(Adds acquisition history starting in the third paragraph.)
Jan. 29 (Bloomberg) -- ABB Ltd., the world’s largest provider of power-transmission gear, is nearing an agreement to buy Thomas & Betts Corp., a maker of electrical connectors, for about $4 billion, a person with knowledge of the plan said.
ABB, based in Zurich, may announce a deal as soon as tomorrow, said the person, who spoke on condition of anonymity because the negotiations are private. The talks may still break down for Thomas & Betts, whose market value was $3.02 billion based on its Jan. 27 closing price of $57.95 a share.
Thomas & Betts, based in Memphis, Tennessee, would be ABB’s second large acquisition under Chief Executive Officer Joe Hogan, who joined in 2008 from General Electric Co. He bolstered ABB in the U.S. with the January 2011 purchase of Baldor Electric Co. for about $3.1 billion. That deal added industrial motors and drives and gave ABB heft in automation, where it competes with Siemens AG.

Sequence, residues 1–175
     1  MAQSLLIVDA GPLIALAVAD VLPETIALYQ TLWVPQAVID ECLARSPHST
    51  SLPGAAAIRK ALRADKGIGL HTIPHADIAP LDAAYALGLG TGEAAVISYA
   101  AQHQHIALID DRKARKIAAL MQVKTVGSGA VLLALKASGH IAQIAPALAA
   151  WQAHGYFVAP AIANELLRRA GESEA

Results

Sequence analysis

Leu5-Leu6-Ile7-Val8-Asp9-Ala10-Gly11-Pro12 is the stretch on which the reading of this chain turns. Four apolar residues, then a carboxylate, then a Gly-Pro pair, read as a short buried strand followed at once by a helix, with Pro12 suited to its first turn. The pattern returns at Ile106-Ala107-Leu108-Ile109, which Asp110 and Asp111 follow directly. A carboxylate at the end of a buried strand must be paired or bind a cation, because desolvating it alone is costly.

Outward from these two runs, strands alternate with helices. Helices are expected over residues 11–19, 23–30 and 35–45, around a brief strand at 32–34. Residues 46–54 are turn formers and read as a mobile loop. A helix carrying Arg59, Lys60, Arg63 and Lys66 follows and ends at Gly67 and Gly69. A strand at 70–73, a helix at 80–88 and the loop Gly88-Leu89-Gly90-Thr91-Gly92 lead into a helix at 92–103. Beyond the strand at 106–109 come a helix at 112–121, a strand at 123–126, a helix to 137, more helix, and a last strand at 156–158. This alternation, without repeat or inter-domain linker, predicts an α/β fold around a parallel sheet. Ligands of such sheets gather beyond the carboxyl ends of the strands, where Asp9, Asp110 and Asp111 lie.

Spokespeople for ABB in Zurich didn’t immediately respond to messages seeking comment. A phone message at the office of Tricia Bergeron, an investor relations representative for Thomas & Betts, wasn’t immediately answered. The Wall Street Journal reported the talks earlier today, citing unidentified people familiar with the situation.
ABB and Munich-based Siemens compete in areas such as factory automation gear and power-transmission equipment. ABB, which posts fourth-quarter earnings Feb. 16, had revenue of about $32 billion in 2010, with power products making up about 27 percent of sales.
Hogan Builds ABB
Hogan has vowed to pursue “disciplined” acquisition opportunities across all business areas and geographies, and he has proven that he is willing to abandon a deal. In 2010, he walked away from a planned purchase of Chloride Group Ltd. after being outbid for the U.K. company by Emerson Electric Co.
ABB has said purchases may boost annual sales growth by as much as 4 percent until 2015.
Thomas & Betts was founded in 1898 as a sales agency for electrical wires and raceways, and its products are used in the telecommunications, construction and power utility industries. The shares of the company, whose 2010 sales were $2 billion, have gained 13 percent in a year.
Thomas & Betts reported on Oct. 20 that third-quarter profit from continuing operations rose 32 percent to $54.3 million, or $1.03 a diluted share.
--With reporting by Benedikt Kammel in Berlin. Editors: Kevin Miller, Sylvia Wier
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